As a result almost every civilian institution now stands dysfunctional and weak. The police force has become a tool in the hands of political masters and not seen as a credible and efficient institution dedicated to fighting crime and upholding the law. The judiciary – by-and-large – offers little relief to ordinary Pakistanis and fails to provide cheap and quick justice mainly due to the lack of resources, structural flaws and political and administrative interference. Our men on the street and even middle and upper-middle classes hardly have faith in the key institutions. The successive parliaments and elected governments have yet to come up with a vision aimed at reforming the system simply because any such move hurts their own interest. This myopic approach, in which the ruling elite fails to lead and do the needful, resulted into the decline and weakening of almost every public sector institution, transforming them into money guzzling, loss-making and anti-people ventures that remain a burden on the national exchequer. In recent years, the growing political interference, poor governance, corruption and tolerance for corruption has only accelerated this process.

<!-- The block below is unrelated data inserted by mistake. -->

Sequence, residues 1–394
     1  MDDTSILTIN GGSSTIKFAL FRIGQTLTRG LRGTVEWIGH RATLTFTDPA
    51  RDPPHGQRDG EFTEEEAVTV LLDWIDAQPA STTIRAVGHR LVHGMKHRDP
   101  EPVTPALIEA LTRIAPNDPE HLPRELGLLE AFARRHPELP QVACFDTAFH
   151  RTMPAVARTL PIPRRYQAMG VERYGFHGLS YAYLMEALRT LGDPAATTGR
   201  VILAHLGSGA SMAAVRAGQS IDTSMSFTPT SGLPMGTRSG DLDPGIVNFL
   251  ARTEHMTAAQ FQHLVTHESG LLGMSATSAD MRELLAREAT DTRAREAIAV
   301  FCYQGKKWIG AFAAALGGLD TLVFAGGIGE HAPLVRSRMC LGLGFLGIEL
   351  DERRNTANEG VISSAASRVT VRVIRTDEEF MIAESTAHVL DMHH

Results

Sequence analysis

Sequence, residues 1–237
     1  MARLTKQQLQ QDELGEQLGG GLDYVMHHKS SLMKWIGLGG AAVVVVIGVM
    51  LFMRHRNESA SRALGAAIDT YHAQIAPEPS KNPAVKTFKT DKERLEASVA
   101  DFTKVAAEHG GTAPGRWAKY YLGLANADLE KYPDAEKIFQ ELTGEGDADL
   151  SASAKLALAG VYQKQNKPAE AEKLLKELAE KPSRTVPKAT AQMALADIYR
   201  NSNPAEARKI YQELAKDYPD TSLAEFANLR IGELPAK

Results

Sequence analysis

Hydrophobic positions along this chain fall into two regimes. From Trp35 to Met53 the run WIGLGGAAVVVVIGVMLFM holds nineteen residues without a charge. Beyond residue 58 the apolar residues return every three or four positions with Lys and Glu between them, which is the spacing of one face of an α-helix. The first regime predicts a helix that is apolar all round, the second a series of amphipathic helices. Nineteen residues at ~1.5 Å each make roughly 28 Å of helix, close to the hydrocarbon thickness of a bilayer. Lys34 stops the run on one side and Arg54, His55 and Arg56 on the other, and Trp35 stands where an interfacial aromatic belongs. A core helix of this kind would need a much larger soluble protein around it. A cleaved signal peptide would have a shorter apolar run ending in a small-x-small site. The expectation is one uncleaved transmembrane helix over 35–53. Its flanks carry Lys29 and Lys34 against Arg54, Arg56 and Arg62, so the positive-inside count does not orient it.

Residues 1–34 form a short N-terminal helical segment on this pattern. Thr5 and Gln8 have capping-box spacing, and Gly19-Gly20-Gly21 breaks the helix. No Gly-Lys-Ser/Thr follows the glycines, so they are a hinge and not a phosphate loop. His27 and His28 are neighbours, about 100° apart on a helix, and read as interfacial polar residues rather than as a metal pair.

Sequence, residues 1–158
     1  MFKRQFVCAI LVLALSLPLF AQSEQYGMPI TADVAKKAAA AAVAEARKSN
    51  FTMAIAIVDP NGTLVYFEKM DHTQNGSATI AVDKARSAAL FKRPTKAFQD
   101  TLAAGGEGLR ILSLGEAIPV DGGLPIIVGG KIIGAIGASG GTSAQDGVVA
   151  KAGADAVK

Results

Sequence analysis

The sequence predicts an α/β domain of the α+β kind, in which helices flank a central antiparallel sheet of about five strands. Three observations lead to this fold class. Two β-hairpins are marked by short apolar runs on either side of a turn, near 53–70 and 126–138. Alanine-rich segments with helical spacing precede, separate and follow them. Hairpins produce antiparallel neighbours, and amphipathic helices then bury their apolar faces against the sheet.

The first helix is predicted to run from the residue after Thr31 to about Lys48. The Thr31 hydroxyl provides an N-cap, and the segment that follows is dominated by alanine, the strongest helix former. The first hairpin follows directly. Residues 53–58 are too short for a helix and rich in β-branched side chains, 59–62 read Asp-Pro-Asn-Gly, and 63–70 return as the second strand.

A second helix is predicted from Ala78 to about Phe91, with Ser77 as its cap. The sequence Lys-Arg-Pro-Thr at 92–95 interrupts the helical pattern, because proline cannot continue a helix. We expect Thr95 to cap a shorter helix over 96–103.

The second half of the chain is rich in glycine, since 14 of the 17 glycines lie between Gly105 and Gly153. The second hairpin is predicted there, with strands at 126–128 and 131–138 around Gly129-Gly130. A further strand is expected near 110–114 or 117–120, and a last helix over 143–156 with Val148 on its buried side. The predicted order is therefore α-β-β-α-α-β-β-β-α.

Political scientists overwhelmingly agree that the “absence of a strong rule of law” is one of the principal factors which prevent developing or poor countries from achieving higher rates of economic growth. In comparison, all those states which prospered and developed, including the capitalist economies, established the rule of law and writ of the state first before they managed to embark on the path of development. This makes the rule of law and the ability of the state to assert its writ a prerequisite for its unity, well-being and economic development and prosperity. But when the ruling elite and the smaller stakeholders emerge as the biggest violators of the law and lose interest in establishing the writ of the state, lawlessness becomes order of the day. This encourages even individuals and bands of criminals to do the same.